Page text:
After I left the hospital and returned to my life at home, I looked for a therapist who could help. I had no luck finding a therapist who specialized in treating eating disorder patients, much less one who understood the issues of being a man with an eating disorder. I bounced from therapist to therapist for the next couple of years, with none being particularly effective for me. I also was on and off antidepressants during this time. They provided some relief to a chronic low-grade depression I suffered from, but they were not the catalyst to real change that I had hoped they might be. Finally, I just gave up on therapy and started living my life. I would not necessarily recommend this course of action to someone today but, at a certain point, it felt like the right course for me.
Stabilizing my professional and social life.
One of the first things I did was to work on stabilizing my professional life. I was a high achiever and since graduate school I had “dabbled” at several different types of jobs in which I was “underemployed” and allowed me time to practice the many rituals I had surrounding food and exercise. But I knew to get healthy I needed more stability, structure and purpose in professional life, and I finally found a job as a trainer in a financial services firm. I believe to this day that job helped save my life as it gave me structure and, eventually, helped build my confidence in being able to make a go of it in the adult world. While I still had many issues around food – that would linger for years – the job put me out in the world and introduced me to the messy imperfections of people working their way through their days.
I also very slowly began the process of restarting my social life. Once in recovery, it was still years before I felt okay about putting myself out there in dating settings. And it took even more years before I felt ready to actually enter a relationship.
Progress professionally came more quickly for me than progress socially. The one part of the eating disorder that has been the ‘stickiest” for me is social isolation. The secrecy and privacy I needed to practice my routines and rituals turned out to be the last and hardest symptom to fully unwind. Even with greatly diminished routines around food and exercise, I remained somewhat of a loner and relatively isolated socially. Gradually, with quite a bit of focus, energy, and a partner who was a real catalyst for me to change, this shifted too.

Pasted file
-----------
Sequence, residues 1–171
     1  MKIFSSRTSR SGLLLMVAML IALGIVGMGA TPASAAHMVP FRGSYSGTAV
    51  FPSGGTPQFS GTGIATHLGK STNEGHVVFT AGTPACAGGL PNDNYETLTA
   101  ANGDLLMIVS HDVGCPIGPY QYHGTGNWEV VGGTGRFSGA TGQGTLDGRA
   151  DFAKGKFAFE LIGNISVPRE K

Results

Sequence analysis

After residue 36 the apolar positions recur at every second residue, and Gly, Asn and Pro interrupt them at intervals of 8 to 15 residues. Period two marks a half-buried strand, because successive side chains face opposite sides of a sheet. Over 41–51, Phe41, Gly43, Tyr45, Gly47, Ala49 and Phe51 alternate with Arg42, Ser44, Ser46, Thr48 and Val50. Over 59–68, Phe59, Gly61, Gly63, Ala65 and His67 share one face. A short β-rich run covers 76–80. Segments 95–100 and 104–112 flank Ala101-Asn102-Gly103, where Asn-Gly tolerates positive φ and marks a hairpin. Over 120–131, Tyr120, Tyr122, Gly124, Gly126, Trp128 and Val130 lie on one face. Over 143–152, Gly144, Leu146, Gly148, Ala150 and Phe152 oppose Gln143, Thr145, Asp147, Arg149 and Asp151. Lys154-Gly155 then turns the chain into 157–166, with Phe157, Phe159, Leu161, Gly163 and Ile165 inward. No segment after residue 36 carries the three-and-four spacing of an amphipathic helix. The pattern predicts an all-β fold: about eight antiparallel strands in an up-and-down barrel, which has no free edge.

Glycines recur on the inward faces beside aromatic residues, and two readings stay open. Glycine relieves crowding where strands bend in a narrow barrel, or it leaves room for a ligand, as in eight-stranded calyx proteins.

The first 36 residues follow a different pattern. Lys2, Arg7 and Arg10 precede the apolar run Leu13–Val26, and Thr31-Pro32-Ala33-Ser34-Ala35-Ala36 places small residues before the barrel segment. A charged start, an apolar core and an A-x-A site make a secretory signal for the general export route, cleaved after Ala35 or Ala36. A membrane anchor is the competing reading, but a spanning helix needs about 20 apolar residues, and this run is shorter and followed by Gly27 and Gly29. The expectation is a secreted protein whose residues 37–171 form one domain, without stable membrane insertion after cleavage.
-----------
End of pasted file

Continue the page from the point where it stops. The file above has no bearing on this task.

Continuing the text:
Maybe because I lived with the disease for so long, or maybe because I self-diagnosed before the psychiatric community had a category to label me, I never felt my “maleness” mattered all that much in my recovery. At a certain point, as the years went by, eating and exercise shifted from being important organizers of how I spent my time, and my work and personal life became more the focus. It was a gradual shift with occasional leaps of progress along the way. Yes, I may have gaps in my social maturation, but nothing could be done with that other than to live in the moment. And when I disclosed to a new partner that I’d had an eating disorder–and I always disclosed it when the time was right–there was curiosity. I’ve never experienced anything but support and a desire to understand.
So, how much has being a man mattered to the diagnosis, treatment, and recovery from my eating disorder? Certainly, in the early days it mattered a lot. The lack of diagnosis or available treatments had a big impact when I was at my most acute phase of the disease. But later, as I moved more into the “management” of the disease and slow progress toward recovery, it seemed to matter less to me. Most importantly, with the eating disorder no longer primary, I was left to work on my life, a process not terribly different than what many others experience.
Jack Sanderson is currently Managing Director – Human Resources for Moody’s Corporation. and heads the global HR Business Partner team for Moody’s Investors Service. He has worked in both the Hong Kong and London offices. Before starting his corporate career, Jack worked as a research associate in the Department of Politics at Princeton, taught English to businessmen in Japan, and marketed junior year aboard programs for Drew University. Jack received a Masters in Public Affairs from the Woodrow Wilson School of Public and International Affairs at Princeton University and a BA in Political Science from Drew University.